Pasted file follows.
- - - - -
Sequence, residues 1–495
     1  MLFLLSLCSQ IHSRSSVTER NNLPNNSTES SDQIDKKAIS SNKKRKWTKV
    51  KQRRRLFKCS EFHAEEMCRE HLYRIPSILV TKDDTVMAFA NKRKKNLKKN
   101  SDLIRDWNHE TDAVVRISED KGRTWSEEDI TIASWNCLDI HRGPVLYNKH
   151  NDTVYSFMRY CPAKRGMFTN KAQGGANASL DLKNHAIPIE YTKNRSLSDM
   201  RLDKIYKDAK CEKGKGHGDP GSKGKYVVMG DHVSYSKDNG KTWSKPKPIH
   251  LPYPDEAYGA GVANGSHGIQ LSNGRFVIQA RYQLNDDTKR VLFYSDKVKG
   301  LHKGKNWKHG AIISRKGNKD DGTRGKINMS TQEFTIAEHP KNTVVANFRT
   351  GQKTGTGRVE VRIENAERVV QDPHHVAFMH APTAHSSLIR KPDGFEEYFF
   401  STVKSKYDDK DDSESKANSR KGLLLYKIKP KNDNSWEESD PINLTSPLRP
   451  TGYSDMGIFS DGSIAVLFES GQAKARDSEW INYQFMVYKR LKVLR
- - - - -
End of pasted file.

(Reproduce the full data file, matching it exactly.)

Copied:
Sequence, residues 1–495
     1  MLFLLSLCSQ IHSRSSVTER NNLPNNSTES SDQIDKKAIS SNKKRKWTKV
    51  KQRRRLFKCS EFHAEEMCRE HLYRIPSILV TKDDTVMAFA NKRKKNLKKN
   101  SDLIRDWNHE TDAVVRISED KGRTWSEEDI TIASWNCLDI HRGPVLYNKH
   151  NDTVYSFMRY CPAKRGMFTN KAQGGANASL DLKNHAIPIE YTKNRSLSDM
   201  RLDKIYKDAK CEKGKGHGDP GSKGKYVVMG DHVSYSKDNG KTWSKPKPIH
   251  LPYPDEAYGA GVANGSHGIQ LSNGRFVIQA RYQLNDDTKR VLFYSDKVKG
   301  LHKGKNWKHG AIISRKGNKD DGTRGKINMS TQEFTIAEHP KNTVVANFRT
   351  GQKTGTGRVE VRIENAERVV QDPHHVAFMH APTAHSSLIR KPDGFEEYFF
   401  STVKSKYDDK DDSESKANSR KGLLLYKIKP KNDNSWEESD PINLTSPLRP
   451  TGYSDMGIFS DGSIAVLFES GQAKARDSEW INYQFMVYKR LKVLR